Eole Water says that 150 million people do not have access to drinking water, but the United Nations reports on its website than 1 in 6 people do not have access to sanitary water. That places the number at 894 million people. Perhaps even more stunning, the leading cause of death is diarrhea - which, 88 percent of time, is caused by unsanitary water. The UN says that, every 20 seconds, a child dies due to poor sanitary conditions.

Though the Earth's surface is over 70 percent water, many regions are running out of sanitary options for drinking water. And more importantly, current methods employed by high-income countries are all but impossible for much of the world, due to cost or practicality.

That's where Marc Parent comes in.

Parent invented a wind turbine that takes moisture from the air and converts it into drinking water. The website says that the machine can produce up to 1,500 liters of water a day, on average. It cleans itself and can work for at least 20 years.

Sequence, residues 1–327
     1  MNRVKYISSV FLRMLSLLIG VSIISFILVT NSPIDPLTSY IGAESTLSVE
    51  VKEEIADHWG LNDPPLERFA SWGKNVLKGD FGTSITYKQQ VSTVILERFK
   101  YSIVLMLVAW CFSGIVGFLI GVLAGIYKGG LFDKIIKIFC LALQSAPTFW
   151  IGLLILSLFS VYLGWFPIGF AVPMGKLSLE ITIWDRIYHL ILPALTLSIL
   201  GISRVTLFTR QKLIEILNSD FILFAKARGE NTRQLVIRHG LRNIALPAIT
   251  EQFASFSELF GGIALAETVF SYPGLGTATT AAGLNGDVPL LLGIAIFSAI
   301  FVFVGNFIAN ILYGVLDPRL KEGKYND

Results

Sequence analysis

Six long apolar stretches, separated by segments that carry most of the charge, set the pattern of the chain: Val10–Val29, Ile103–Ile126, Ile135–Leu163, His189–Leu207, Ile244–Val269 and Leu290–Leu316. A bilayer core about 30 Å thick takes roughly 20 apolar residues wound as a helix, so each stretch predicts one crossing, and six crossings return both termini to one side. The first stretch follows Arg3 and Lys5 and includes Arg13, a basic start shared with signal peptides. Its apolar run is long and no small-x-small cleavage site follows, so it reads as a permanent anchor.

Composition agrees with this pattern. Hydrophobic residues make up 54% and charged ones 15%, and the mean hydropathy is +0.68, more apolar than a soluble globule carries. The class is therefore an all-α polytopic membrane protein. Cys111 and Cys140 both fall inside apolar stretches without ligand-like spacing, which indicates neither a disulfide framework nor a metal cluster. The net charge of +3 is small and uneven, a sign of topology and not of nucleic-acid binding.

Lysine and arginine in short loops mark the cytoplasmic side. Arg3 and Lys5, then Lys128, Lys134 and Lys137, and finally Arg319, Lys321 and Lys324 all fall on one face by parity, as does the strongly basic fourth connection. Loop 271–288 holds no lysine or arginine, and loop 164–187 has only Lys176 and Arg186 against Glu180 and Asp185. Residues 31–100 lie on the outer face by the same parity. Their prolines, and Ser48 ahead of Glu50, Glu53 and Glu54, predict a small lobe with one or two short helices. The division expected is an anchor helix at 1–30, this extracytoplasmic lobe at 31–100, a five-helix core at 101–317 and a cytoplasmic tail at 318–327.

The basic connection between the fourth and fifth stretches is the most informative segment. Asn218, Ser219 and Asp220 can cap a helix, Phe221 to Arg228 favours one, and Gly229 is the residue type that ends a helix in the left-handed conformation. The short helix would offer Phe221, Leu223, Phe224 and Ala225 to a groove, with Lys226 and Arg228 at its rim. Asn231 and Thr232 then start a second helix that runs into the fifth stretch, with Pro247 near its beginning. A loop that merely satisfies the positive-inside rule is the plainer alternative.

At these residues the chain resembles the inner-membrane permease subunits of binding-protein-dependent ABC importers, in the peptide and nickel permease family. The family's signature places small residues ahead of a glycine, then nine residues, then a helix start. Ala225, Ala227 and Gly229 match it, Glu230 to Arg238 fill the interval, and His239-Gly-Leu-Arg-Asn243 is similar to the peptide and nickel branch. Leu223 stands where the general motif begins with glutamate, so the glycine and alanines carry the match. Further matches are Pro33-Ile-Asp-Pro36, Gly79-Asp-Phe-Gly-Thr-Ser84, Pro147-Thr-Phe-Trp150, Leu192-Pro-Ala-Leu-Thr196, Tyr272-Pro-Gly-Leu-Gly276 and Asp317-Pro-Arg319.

In an interview with ABC News, Thibault Janin, the organization's Marketing Director, said, "Let me highlight this word: CREATE. All existing solutions (wells, desalination, lakes/rivers pumping, etc.) only treat an existing source of water. Thus, what happens when there is no or no more water available? The WMS1000 can create water when there is no existing source available. That makes a difference. Our technology integrates water creation, water collection, water treatment and water local distribution. The WMS1000 can produce and distribute water everywhere."

He also added: "Water is becoming increasingly scarce. Household needs in the matter should increase by 130 percent by 2030. At the same time, the WMS1000 is only one step in our development. Our range will expand to provide more precise and larger answers to communities with larger turbines featuring higher capacities of water production. We respond to a growing and constant global demand, not subjected to economic classical cycles, since water is essential to life."

The machine will cost $600,000, and is currently being tested in France and Abu Dhabi.